5. 5. LocationWe used a number of locations throughout our thriller, the thriller opens with a modern city location of top of a building (The dream sequence), It then comes out of the dream sequence and into a hospital location, which then goes to an unknown darkened room. A lot of thrillers conventionally take place in modern places like hospital (For example ‘Awake’), as this location is often associated with life and death (A common theme of thrillers), therefore we have stayed conventional with the location aspect of the thriller. A lot of existing thrillers use the setting and location to portray a sense of mystery, we have also used this technique in the darkened room, by having little of the room visible which combined with the static television, creates an almost gothic and more importantly stereotypically mysterious location that I think works extremely well to build the tension that is essential for thrillers.
  6. 6. Sub-genre The sub-genre that we used in our thriller opening was apsychological thriller, we found that in psychological thrillers it isoften conventional for the protagonist to be well dressed (This is present in Seven), however we wanted to challenge thisconvention and add a sense of realism to our protagonist, this is often done in other sub-genre thrillers, but rarely in psychological ones, we felt that by doing this the protagonist became more relatable. Although this meant wearing ‘normal’ clothing, we did have a few considerations in the costume department, the colour of the t shirt was something we chose because we felt that a white t shirt would show pureness and innocence, and to make him more of a relatable character we decided to have it grey as then it shows that the character is flawed, which adds to the realism of the character.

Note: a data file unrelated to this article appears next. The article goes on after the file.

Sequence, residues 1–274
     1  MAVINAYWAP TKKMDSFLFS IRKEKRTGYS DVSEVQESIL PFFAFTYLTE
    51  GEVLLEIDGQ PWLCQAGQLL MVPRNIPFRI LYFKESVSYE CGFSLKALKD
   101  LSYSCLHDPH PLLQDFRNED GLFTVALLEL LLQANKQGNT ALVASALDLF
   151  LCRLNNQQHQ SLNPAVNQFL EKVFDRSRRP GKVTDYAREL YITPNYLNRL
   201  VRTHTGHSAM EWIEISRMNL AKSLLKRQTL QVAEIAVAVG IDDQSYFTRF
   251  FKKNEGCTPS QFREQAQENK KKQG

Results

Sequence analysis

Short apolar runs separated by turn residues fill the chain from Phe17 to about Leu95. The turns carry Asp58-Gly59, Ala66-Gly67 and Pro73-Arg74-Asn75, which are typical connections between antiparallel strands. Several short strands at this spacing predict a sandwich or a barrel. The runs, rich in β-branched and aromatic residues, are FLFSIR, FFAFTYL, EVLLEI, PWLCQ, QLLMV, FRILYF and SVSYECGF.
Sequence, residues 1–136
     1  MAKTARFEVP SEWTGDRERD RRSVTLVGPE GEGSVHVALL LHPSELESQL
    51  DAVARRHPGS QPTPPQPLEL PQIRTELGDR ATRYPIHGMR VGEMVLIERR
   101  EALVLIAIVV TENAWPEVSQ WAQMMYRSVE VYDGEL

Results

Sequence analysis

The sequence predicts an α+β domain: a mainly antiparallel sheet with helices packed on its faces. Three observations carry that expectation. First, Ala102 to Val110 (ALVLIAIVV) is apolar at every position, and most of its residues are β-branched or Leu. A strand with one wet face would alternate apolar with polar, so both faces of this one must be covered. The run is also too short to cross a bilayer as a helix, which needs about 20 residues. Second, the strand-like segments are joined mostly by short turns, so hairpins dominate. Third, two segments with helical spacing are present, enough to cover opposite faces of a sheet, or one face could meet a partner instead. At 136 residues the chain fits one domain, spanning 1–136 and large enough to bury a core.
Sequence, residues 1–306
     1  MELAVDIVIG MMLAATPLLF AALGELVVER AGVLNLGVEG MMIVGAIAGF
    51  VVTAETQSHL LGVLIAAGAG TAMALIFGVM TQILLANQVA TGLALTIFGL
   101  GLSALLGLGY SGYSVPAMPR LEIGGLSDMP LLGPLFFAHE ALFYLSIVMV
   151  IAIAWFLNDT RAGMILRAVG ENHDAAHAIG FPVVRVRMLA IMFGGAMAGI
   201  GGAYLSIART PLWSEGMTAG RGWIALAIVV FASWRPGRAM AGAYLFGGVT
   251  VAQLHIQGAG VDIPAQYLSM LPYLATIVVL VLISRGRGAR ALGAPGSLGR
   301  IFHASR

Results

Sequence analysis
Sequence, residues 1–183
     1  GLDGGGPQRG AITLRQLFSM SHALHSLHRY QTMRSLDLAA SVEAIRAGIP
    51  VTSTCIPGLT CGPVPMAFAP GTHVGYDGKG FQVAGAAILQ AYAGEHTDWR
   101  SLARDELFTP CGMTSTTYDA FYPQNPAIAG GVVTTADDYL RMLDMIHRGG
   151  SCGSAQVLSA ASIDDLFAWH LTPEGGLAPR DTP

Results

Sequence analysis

7. 7. Techniques usedEditing was the part of the project that we found took the most time, the hardest part of the editing would have been making it clear that the dream sequence was a dream. We first watched and put ourselves in the mind frame of someone who had never seen it before, we concluded it was not clear that it was a dream and so made a number of editorial changes to make it clearer. We turned the scene black and white, in order to give it a timeless quality and make it clear to the viewer that this was separate to the rest of the opening, we then made sure there was a blackout at the end of it, which then acted as a pause for affect and let the viewer digest what they had seen. We then used a close up of the protagonists eye which combined with the Foley heavy breathing sound, ensured it was clear that the first part of the opening was in fact a dream. The camera angles that we used throughout the opening was very important as it is the main building blocks of the thriller, in total we used a variety of shots, however my favourite shot in the opening was the close up of the shoe, in the dream sequence. Having the shoe in focus and the surroundings not, stresses a high importance about the protagonist, and the hesitation and speed of which he walks up to the edge allows tension to be built in this crucial and dramatic scene. I like this shot so much because a juxtaposition is created from the quite modern shoes against the historic buildings around them, this poses the idea of perhaps two worlds colliding.